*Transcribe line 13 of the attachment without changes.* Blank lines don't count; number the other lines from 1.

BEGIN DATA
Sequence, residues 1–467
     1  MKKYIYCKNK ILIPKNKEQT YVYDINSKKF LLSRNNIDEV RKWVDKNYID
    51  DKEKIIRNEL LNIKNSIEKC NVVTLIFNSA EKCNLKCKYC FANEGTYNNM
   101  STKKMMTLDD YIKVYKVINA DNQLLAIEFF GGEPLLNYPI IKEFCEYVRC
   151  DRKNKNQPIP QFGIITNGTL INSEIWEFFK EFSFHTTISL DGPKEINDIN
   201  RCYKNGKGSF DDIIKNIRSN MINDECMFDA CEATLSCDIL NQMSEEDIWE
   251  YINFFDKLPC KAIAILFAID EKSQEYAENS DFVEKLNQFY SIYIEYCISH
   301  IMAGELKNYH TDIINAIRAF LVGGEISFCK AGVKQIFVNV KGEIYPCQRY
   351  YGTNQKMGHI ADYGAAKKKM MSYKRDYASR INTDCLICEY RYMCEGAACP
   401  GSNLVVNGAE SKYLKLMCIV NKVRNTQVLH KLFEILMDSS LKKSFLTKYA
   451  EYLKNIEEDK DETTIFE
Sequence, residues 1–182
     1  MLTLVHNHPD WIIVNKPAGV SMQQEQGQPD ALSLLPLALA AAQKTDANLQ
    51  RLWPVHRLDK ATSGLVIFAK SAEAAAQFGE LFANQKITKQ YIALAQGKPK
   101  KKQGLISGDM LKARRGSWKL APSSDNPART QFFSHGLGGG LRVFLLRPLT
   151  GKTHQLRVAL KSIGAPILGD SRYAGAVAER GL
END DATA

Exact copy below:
     1  MLTLVHNHPD WIIVNKPAGV SMQQEQGQPD ALSLLPLALA AAQKTDANLQ